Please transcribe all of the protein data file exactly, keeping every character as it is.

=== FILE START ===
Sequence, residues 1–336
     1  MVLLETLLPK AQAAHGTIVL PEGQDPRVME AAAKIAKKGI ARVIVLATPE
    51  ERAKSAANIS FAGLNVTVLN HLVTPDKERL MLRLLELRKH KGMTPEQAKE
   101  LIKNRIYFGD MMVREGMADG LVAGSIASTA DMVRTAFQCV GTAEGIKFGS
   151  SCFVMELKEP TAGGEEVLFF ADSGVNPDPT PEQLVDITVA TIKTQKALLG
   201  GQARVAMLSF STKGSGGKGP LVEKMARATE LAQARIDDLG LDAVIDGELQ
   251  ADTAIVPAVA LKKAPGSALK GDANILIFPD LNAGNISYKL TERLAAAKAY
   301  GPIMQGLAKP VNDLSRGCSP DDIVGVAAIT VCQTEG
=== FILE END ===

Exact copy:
Sequence, residues 1–336
     1  MVLLETLLPK AQAAHGTIVL PEGQDPRVME AAAKIAKKGI ARVIVLATPE
    51  ERAKSAANIS FAGLNVTVLN HLVTPDKERL MLRLLELRKH KGMTPEQAKE
   101  LIKNRIYFGD MMVREGMADG LVAGSIASTA DMVRTAFQCV GTAEGIKFGS
   151  SCFVMELKEP TAGGEEVLFF ADSGVNPDPT PEQLVDITVA TIKTQKALLG
   201  GQARVAMLSF STKGSGGKGP LVEKMARATE LAQARIDDLG LDAVIDGELQ
   251  ADTAIVPAVA LKKAPGSALK GDANILIFPD LNAGNISYKL TERLAAAKAY
   301  GPIMQGLAKP VNDLSRGCSP DDIVGVAAIT VCQTEG